Friday, September 22, 2017

9. 18 And another final thought on translation

Song of Solomon: timeless love poetry in contemporary calligraphy. 

I’m only human.  Sometimes I just choose a translation to fit the demands of the layout — not only to suit its tone but to actually provide me with the letters to design it with. Remember that medieval scribes loved to letter Beatus Vir because the initial B offers so much potential for design.  And all calligraphers like to encounter passages that offer us a Q, Z, or other favorite letter to work with. 
IV: 9

For instance, several translations of Song of Solomon make a comparison to "one chain," "one jewel, " one link," or "one bead" of the beloved's necklace.  These are all accurate, but I chose "one gem" because the g just looked like a natural part of the necklace.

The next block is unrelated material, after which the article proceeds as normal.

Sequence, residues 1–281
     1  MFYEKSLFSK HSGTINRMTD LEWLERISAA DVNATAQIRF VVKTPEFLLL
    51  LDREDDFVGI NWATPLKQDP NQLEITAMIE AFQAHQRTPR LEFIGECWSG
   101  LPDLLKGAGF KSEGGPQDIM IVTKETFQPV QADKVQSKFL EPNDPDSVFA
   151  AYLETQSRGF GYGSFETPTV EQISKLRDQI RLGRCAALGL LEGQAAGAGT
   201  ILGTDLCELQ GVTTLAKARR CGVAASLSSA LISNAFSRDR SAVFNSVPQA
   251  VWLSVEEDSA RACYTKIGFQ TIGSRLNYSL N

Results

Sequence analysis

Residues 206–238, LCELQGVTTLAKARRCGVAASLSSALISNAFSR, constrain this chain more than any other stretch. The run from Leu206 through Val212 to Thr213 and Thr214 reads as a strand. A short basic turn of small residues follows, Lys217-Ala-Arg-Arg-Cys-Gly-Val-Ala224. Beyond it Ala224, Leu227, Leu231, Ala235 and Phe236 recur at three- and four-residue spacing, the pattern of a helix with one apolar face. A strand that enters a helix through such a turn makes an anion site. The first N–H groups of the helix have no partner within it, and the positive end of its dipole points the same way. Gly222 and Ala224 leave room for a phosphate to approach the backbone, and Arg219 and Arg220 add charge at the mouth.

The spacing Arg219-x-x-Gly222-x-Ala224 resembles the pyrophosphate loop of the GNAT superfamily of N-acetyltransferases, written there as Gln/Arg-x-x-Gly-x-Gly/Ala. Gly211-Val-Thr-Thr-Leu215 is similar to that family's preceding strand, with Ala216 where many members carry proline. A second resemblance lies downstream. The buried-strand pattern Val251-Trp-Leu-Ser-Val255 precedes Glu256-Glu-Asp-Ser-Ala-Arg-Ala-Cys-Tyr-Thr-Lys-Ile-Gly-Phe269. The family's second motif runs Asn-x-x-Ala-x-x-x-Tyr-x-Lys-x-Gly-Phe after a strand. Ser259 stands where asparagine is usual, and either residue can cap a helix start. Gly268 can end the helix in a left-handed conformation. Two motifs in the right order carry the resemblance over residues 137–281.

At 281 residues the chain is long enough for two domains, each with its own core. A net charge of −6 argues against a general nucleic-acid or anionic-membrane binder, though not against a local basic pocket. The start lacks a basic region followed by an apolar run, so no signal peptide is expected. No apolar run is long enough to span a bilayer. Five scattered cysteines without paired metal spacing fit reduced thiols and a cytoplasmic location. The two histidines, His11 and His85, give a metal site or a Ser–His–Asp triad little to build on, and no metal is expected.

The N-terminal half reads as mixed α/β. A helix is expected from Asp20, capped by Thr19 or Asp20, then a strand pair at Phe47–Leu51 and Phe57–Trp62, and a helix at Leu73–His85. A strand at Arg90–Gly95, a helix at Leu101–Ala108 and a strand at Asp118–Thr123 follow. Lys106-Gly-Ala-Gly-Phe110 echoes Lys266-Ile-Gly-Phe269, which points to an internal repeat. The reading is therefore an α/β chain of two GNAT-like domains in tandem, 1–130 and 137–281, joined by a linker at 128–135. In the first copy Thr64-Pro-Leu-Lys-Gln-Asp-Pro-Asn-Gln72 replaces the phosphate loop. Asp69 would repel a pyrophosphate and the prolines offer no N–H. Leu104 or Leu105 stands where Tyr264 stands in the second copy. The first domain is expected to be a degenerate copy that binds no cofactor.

Some other graphic reasons for choosing the translations I choose: 
That "BELOVED" in the first
line of I: 15 seems more like a
dove than "How beautiful
you are" or "Ah, you are
beautiful" from other versions. 
  • For overall length; sometimes the design wants lots of words, sometimes only a few.  
  • For emphasis; a design may highlight the end of the quotation rather than the beginning. 
  • To put a ascender or descender where I need it for decorative effect.  
  • For the word or initial it starts with.  For instance, consider: I am my beloved’s and he is mine vs My beloved is mine and I am his.   For calligraphers, I is a less interesting letter to work with than M.  

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